When Daniel Weisleder tried to board his return flight from San Jose, Costa Rica, to Houston with his wife and 10-month-old son recently, a United Airlines ticket agent delivered some bad news: He’d have to pay another $166 to fly home with the baby.
“Someone made a mistake,” the agent said.
That might be an understatement. Weisleder, who directs an educational consulting firm in Pittsburgh and is an elite-level United customer, reluctantly forked over the extra $166 to fly home. But he couldn’t understand the late charge.
“When I booked the reservation, I notified United that I would be traveling with an infant on my lap,” he says. “I was charged $991 for the tickets. We checked-in in Houston without a problem, but when we were coming back, we were told that our baby had to pay an additional ticket.”
He adds, “This, of course, made no sense at all — why would you charge us extra to have a baby on our lap?”
There’s an answer to that question. If you’re a travel industry insider, you probably know it. But you don’t have to be a card-carrying travel agent to understand that United leaves no stone unturned when it comes to making money. Just last week, it raised its change fees on domestic tickets from $150 to $200, meaning that many discounted tickets are essentially unchangeable.
There’s an even bigger question that his experience raises, I’m willing to bet the answer isn’t as certain: Can an airline — can any company for that matter — charge you again long after the final bill is settled? And is that ethical?
“Late” billing lives!
Other travel companies have raised what’s called “late” billing to a fine art. Hotels famously add items to their “final” bills that may have been missed at check-out, including a guest’s breakfast, charges for wireless Internet access or, most notoriously, a “cleaning” fee for having allegedly smoked in the room.
But in the travel industry, car rental companies are the true masters of billing you long after your trip is over. Drivers are routinely late-billed for cleaning, traffic tickets and missed tolls, and often with little or no evidence of the infraction. Damage claims can be made on some rental cars months, and even years after the rental, with customers’ credit cards either being billed directly or a threat that if they don’t pay up quickly, you’ll be reported to a collection agency.
In the overall scheme of things, a $166 bill doesn’t seem so bad. But is it right?
United’s policy, which is clearly spelled out on its site, says his son needed a ticket.
“Children under the age of two traveling internationally without a seat are required to purchase a ticket and are subject to infant fares and taxes,” it says. “When making your reservation you should indicate you are traveling with an infant, regardless of your destination.”
But that’s exactly what Weisleder did. He told United he was flying with an infant, and left it to the airline to calculate the correct fare.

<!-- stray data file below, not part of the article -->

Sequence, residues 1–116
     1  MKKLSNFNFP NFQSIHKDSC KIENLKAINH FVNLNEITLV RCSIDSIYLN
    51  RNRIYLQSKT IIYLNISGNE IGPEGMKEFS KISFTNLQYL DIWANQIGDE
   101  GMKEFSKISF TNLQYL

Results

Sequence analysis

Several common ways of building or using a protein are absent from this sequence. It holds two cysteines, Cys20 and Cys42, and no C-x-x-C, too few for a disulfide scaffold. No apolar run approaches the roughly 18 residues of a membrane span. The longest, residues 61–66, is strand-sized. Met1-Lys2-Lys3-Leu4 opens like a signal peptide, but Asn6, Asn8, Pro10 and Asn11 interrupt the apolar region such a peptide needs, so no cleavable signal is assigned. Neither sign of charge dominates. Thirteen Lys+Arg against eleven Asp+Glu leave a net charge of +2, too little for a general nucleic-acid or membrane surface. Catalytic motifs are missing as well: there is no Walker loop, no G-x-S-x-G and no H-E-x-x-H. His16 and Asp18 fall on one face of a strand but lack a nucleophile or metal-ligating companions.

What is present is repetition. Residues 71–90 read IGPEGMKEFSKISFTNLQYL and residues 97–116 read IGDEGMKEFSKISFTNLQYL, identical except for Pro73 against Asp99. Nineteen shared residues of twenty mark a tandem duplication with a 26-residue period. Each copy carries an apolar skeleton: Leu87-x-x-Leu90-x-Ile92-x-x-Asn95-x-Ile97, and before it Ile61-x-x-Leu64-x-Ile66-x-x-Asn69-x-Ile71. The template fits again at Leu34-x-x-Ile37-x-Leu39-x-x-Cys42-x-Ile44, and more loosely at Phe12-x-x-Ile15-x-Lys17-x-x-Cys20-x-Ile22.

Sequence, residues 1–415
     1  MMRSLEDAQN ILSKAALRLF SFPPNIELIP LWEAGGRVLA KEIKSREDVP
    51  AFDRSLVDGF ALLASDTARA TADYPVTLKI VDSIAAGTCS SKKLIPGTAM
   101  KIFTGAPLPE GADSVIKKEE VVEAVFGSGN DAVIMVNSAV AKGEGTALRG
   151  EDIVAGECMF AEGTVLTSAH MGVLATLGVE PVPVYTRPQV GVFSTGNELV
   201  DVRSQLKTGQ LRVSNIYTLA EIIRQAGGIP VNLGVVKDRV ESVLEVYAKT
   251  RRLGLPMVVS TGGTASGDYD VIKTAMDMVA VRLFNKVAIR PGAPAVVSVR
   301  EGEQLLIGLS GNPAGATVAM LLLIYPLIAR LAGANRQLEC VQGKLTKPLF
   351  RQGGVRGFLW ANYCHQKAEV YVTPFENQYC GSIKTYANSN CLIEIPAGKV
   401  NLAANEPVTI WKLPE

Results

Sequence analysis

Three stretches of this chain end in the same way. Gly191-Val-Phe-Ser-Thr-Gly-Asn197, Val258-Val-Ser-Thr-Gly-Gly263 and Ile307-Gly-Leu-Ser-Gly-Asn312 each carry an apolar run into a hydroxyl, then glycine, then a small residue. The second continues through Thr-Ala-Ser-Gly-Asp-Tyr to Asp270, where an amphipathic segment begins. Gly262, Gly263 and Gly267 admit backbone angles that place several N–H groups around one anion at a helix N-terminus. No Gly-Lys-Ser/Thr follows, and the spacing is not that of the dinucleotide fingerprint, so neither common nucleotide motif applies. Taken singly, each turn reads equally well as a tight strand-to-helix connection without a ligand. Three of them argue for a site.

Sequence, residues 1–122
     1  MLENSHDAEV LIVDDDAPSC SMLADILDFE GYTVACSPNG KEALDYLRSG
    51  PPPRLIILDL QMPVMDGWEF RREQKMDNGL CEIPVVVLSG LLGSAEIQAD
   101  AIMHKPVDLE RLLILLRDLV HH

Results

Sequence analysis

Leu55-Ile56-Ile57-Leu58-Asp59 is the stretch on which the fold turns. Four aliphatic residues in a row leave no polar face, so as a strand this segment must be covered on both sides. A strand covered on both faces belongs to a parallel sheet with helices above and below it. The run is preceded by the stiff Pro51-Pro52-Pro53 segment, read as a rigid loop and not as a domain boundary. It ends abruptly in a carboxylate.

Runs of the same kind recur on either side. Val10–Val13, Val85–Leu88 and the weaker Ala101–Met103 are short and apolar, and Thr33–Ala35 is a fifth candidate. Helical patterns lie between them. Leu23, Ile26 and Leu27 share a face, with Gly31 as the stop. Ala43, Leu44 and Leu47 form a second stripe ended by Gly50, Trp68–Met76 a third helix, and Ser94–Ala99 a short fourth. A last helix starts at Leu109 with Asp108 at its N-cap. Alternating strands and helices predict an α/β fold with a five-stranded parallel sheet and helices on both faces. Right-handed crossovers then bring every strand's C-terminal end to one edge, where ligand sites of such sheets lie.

It did not.
In an email response to Weisleder, United seemed to shift the blame to him.
“The reason our staff in Costa Rica issued a ticket for your infant is because the infant did not have a ticket,” a representative said, adding, “Before you commit to your ticket online, the screen ‘Review trip itinerary’ displays a fare breakdown showing the ticket price and the taxes. If an infant fare had been included, the details would have been displayed. Clearly in this instance, the fare breakdown did not include the infant ticket. I am sorry that you were not aware you had not purchased it at the time of booking.”
Fare errors that favor the customer
Even if Weisleder had hit the wrong button, the ticket agents in Houston on his outbound flight should have identified the problem and fixed it. But catching it on his return flight seemed tactless and opportunistic, because it looked as if United was holding his baby hostage. The implied threat was: “Either pay up or the kid doesn’t fly.” Its response, in which the airline suggested he’d somehow screwed up his own reservation, is equally implausible. As a 1K-level frequent flier, Weisleder surely knows his way around United.com.
All of which makes me wonder if United should have just let the family fly when it tried to board its flight back to Houston.
In the past, I’ve been critical of passengers who knowingly take advantage of fare errors and then try to shame the airline into honoring the price. And I’ve endured plenty of hate mail from folks who wrongheadely insist a business should honor a quoted price every time, no matter how erroneous the price.
After all, a deal’s a deal.
But actually, a deal is not a deal when you’re traveling. The final price can be re-negotiated and revised. You may have to pay an upcharge, a surcharge or a late fee and what’s worse, you may not even know about it until you get your credit card bill. Such is life on the road.
What matters — and what seems to be missing from the discussion on the dynamic nature of the “final” price — is common sense and compassion and yeah, maybe a little reason.
Common sense would have told the San Jose gate agents that Weisleder was no fare thief, but a new dad trying to get home. Compassion would have moved them to let him, his wife and the lap child board the flight back home without demanding more money. Reason would have informed them that United, which is always looking to maximize its revenues, could have lived without the extra $166 from a customer who has already given the airline his loyalty.
When dealing with miscalculated airfares and late charges, every case has to be evaluated on its own merits. Motives matter and no two cases are exactly alike. A good company empowers its own customers to weigh each billing mistake on its own merits instead of applying a set of arbitrary rules.
No one said this would be easy.